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Young and Old Competing for Jobs

May 18, 2014
Plain English Version

Young and old competingThe number of people working can be looked at by the age and gender of the work force.

In 2007, 63 percent of working-age Americans held jobs. By 2014, only 58 percent held jobs. Some of the change happened because more people reached retirement age. Most of the change is because of the weak economy. Things are slowly getting better.

Older men and women are staying longer in their jobs. They are worried about having enough money to retire. In fact, a greater number of older people are working than before the Great Recession began in 2007.

This may affect the chances for younger people to find work.

Men age 20 to 24 went from 70 percent of the work force in 2007 to 59 percent in 2010. Now they are back to 63 percent.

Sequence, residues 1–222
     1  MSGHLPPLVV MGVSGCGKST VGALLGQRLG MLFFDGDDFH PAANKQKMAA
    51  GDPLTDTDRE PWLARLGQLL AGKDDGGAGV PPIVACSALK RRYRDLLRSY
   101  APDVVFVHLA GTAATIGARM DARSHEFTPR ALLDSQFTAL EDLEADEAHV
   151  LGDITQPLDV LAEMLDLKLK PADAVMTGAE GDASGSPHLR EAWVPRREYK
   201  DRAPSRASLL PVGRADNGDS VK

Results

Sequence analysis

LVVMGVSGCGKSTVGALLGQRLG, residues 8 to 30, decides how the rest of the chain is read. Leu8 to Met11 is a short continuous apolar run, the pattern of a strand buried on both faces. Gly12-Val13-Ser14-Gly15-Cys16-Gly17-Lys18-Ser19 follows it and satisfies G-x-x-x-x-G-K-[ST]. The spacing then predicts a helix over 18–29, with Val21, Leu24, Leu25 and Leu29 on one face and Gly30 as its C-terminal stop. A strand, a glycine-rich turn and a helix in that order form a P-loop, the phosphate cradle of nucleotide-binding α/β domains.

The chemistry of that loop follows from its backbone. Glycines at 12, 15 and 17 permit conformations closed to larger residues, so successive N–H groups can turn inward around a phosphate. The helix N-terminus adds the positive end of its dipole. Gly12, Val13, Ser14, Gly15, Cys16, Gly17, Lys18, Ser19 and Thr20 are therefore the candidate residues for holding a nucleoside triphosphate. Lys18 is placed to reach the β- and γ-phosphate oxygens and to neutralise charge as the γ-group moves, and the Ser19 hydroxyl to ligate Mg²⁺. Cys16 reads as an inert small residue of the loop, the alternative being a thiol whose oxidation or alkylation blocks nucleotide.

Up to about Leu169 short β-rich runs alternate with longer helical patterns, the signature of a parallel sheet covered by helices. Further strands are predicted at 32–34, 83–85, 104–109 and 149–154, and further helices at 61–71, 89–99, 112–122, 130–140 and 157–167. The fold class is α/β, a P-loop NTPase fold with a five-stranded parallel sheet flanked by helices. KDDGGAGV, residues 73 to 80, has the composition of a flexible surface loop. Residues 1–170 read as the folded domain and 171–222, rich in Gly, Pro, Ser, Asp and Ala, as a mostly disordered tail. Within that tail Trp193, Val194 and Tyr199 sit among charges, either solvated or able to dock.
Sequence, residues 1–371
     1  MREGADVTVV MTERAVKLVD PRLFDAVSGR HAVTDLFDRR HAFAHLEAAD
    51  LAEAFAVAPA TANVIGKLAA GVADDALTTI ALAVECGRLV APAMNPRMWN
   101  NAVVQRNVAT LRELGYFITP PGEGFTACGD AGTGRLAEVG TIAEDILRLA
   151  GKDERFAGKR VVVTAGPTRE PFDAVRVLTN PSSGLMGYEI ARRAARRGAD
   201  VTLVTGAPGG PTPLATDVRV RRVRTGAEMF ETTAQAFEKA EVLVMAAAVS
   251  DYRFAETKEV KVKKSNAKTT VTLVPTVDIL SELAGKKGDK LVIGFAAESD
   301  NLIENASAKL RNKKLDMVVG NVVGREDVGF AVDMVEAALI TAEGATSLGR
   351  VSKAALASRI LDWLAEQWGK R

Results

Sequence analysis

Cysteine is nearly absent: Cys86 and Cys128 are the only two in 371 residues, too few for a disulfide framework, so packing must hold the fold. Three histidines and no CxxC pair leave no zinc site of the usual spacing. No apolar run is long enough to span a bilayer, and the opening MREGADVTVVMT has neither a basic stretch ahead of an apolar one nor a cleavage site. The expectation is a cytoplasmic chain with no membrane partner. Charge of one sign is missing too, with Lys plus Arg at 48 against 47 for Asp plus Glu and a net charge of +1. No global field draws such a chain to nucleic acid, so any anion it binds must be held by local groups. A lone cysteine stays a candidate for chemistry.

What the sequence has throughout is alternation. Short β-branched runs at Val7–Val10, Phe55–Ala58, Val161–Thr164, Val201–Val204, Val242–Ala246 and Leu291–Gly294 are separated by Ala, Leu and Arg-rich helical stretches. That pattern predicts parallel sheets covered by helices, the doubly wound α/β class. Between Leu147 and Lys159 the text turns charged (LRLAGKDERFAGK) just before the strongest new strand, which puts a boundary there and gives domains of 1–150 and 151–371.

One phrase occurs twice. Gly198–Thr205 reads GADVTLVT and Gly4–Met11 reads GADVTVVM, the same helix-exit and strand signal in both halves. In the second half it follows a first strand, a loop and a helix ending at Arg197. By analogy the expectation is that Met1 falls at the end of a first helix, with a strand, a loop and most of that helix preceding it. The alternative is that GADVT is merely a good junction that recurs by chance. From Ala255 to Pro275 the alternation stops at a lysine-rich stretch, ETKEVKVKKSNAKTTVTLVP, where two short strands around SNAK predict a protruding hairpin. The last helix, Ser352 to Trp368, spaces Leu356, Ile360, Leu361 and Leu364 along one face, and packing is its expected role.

Men age 25 to 30 went from 86 percent of the work force in 2007 to 77 percent in 2010. Now they are holding steady at 80 percent.

For men age 30 to 39, the changes were less extreme.

In almost all age groups, women did better than men during the downturn. This may have happened because women went back to work to supplement their husbands’ incomes. Also, many jobs were lost in male-dominated industries such as construction.

Source: The New York Times                                                                  May 10, 2014

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